In a marriage of quantum science and solid-state physics, researchers at the National Institute of Standards and Technology (NIST) have used magnetic fields to confine groups of electrons to a series of concentric rings within graphene, a single layer of tightly packed carbon atoms.
This tiered "wedding cake," which appears in images that show the energy level structure of the electrons, experimentally confirms how electrons interact in a tightly confined space according to long-untested rules of quantum mechanics. The findings could also have practical applications in quantum computing.
Graphene is a highly promising material for new electronic devices because of its mechanical strength, its excellent ability to conduct electricity and its ultrathin, essentially two-dimensional structure. For these reasons, scientists welcome any new insights on this wonder material.
The researchers, who report their findings in the Aug. 24 issue of Science, began their experiment by creating quantum dots--tiny islands that act as artificial atoms--in graphene devices cooled to just a few degrees above absolute zero.
Electrons orbit quantum dots similar to the way these negatively charged particles orbit atoms. Like rungs on a ladder, they can only occupy specific energy levels according to the rules of quantum theory. But something special happened when the researchers applied a magnetic field, which further confined the electrons orbiting the quantum dot. When the applied field reached a strength of about 1 Tesla (some 100 times the typical strength of a small bar magnet), the electrons packed closer together and interacted more strongly.
As a result, the electrons rearranged themselves into a novel pattern: an alternating series of conducting and insulating concentric rings on the surface. When the researchers stacked images of the concentric rings recorded at different electron energy levels, the resulting picture resembled a wedding cake, with electron energy as the vertical dimension.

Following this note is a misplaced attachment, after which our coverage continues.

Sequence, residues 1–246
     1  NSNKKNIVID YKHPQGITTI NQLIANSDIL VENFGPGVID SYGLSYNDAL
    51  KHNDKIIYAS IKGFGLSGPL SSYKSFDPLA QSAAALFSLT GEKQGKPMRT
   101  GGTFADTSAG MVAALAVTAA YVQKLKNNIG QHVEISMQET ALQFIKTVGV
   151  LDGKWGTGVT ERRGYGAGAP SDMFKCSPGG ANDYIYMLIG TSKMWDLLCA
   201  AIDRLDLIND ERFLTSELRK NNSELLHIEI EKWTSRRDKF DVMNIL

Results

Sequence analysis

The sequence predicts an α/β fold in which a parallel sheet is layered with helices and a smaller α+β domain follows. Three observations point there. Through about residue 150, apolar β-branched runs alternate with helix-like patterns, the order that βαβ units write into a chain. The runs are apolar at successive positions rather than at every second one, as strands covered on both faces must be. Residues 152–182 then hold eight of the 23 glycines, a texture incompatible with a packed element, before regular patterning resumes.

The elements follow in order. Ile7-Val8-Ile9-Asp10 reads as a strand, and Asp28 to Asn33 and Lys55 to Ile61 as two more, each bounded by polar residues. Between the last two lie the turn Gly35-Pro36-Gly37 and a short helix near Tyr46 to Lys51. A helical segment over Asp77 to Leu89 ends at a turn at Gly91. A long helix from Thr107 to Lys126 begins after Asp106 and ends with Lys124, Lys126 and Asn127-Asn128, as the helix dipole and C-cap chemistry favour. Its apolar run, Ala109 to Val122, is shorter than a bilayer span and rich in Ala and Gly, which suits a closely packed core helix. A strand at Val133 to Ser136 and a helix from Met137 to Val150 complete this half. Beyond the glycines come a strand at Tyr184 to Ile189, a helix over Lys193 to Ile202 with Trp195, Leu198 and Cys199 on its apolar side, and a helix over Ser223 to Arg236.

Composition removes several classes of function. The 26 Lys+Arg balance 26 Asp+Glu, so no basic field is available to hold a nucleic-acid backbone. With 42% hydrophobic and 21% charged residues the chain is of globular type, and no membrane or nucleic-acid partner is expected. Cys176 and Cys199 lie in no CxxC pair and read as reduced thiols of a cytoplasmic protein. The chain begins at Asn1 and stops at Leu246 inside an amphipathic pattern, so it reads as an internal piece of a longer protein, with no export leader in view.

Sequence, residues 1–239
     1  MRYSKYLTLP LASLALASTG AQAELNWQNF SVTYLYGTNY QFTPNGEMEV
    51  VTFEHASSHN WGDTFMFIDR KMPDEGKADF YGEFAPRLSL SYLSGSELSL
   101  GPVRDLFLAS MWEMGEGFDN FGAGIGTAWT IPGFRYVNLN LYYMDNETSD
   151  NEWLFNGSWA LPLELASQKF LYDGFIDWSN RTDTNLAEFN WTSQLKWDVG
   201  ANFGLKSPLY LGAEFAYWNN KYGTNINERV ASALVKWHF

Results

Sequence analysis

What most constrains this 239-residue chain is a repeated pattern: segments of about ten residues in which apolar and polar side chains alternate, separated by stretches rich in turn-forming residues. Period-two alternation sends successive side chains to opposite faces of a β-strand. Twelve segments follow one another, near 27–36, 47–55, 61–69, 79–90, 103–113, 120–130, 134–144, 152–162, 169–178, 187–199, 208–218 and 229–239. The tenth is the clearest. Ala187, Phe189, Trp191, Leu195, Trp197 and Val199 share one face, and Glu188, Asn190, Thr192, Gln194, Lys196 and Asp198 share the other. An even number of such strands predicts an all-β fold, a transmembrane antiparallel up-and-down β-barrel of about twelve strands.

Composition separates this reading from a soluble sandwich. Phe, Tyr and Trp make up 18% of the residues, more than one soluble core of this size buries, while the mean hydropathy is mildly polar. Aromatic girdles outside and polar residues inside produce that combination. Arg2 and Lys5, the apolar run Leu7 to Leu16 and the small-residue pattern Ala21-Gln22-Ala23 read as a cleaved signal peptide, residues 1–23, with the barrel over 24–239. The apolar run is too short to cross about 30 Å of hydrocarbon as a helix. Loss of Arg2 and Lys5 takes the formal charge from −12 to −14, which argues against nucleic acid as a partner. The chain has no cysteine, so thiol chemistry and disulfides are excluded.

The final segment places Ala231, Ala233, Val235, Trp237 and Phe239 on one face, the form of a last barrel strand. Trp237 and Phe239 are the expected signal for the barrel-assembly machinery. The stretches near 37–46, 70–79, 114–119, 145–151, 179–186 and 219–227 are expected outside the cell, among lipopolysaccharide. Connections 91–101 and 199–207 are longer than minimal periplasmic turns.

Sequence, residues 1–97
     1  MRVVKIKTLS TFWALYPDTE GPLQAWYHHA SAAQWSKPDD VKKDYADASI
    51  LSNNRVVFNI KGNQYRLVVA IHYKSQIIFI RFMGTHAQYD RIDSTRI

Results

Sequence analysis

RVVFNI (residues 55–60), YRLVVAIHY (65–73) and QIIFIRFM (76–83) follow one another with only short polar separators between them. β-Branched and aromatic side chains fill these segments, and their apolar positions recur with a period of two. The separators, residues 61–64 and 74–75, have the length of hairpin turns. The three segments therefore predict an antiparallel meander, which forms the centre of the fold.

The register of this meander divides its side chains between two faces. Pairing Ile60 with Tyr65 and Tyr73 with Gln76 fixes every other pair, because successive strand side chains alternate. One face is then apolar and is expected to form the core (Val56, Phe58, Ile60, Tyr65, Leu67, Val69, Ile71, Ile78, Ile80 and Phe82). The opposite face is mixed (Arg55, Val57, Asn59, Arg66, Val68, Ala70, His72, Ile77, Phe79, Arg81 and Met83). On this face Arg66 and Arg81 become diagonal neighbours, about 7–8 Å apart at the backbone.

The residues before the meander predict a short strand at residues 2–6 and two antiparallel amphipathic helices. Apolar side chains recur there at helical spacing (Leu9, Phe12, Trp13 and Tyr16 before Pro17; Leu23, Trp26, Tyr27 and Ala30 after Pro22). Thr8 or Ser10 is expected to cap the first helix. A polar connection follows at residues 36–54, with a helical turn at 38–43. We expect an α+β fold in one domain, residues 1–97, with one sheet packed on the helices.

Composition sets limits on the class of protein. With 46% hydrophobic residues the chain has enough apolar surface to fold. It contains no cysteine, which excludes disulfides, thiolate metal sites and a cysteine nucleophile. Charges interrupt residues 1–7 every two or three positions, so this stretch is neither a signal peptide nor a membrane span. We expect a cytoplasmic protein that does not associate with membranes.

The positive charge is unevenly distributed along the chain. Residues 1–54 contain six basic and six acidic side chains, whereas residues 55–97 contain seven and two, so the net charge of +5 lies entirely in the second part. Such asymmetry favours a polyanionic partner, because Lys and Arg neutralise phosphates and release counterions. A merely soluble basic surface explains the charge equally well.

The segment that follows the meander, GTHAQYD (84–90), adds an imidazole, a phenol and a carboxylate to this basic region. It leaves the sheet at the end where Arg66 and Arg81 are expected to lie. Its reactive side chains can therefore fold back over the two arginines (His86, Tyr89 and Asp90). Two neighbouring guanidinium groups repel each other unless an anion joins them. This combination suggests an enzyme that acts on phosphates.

A scanning tunneling microscope, which images surfaces with atomic-scale resolution by recording the flow of electrons between different regions of the sample and the ultrasharp tip of the microscope's stylus, revealed the structure.
"This is a textbook example of a problem--determining what the combined effect of spatial and magnetic confinement of electrons looks like--that you solve on paper when you're first exposed to quantum mechanics, but that no one's actually seen before," said NIST scientist and co-author Joseph Stroscio. "The key is that graphene is a truly two-dimensional material with an exposed sea of electrons at the surface," he added. "In previous experiments using other materials, quantum dots were buried at material interfaces so no one had been able to look inside them and see how the energy levels change when a magnetic field was applied."
Graphene quantum dots have been proposed as fundamental components of some quantum computers.
"Since we see this behavior begin at moderate fields of just about 1 Tesla, it means that these electron-electron interactions will have to be carefully accounted for when considering certain types of graphene quantum dots for quantum computation," said study co-author Christopher Gutierrez, now at the University of British Columbia in Vancouver, who performed the experimental work at NIST with co-authors Fereshte Ghahari and Daniel Walkup of NIST and the University of Maryland.
This achievement also opens possibilities for graphene to act as what the researchers call a "relativistic quantum simulator." The theory of relativity describes how objects behave when moving at or close to light speed. And electrons in graphene possess an unusual property--they move as if they are massless, like particles of light. Although electrons in graphene actually travel far slower than the speed of light, their light-like massless behavior has earned them the moniker of "relativistic" matter. The new study opens the door to creating a table-top experiment to study strongly confined relativistic matter.
The measurements suggest that scientists may soon find even more exotic structures produced by the interactions of electrons confined to solid-state materials at low temperatures.
Collaborators on this work included researchers from the Massachusetts Institute of Technology, Harvard University, the University of Maryland NanoCenter and the National Institute for Material Science in Ibaraki, Japan.